As in Jamaica Kincaid’s other fiction, the themes of The Autobiography of My Mother explore what happens to a young woman who grows up in a loveless household, in this case the child of a mother who died at her birth. Intermingled with Xuela’s immediate story is the story of the Caribbean island of Dominica, a land that once lived under the cold stepparent of colonial rule.
Since Xuela never knew her mother, and since her father is a distant figure in her life, her efforts to tell her mother’s story require her to tell her own story, beginning with her father depositing her to be cared for by his laundress, as if she were another bundle of dirty clothes. The laundress has no more warmth for Xuela than she has for her own children. Like others who live in poverty in Dominica, she faces a constant battle for survival, with no time for loving relationships.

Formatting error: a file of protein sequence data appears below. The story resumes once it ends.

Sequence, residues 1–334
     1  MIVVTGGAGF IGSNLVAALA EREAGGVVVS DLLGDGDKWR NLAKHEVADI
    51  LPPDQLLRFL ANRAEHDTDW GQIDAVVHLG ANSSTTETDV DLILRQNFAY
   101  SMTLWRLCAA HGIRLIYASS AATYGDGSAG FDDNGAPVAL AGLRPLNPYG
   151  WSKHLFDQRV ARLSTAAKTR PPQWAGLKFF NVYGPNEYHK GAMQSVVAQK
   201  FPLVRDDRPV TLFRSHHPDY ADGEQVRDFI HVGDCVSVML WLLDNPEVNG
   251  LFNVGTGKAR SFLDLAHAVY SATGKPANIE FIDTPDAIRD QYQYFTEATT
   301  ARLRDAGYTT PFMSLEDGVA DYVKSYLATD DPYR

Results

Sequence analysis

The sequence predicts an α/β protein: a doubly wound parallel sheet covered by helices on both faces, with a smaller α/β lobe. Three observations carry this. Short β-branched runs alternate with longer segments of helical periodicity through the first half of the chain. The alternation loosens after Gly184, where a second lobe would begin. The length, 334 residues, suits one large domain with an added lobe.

As Xuela begins school, some themes emerge that color her life. One is an image of her mother descending a ladder to her; in the vision, Xuela can see only her mother’s heels, although gradually she creates a picture of the whole woman in her imagination and at last imagines an entire history for her. At the same time, Xuela begins to think about her father, a remote man who visits her only occasionally, a policeman whose life seems to suggest the possibilities of power. Already the child is beginning to understand the value in being able to make others do what she wants....
(The entire section is 533 words.)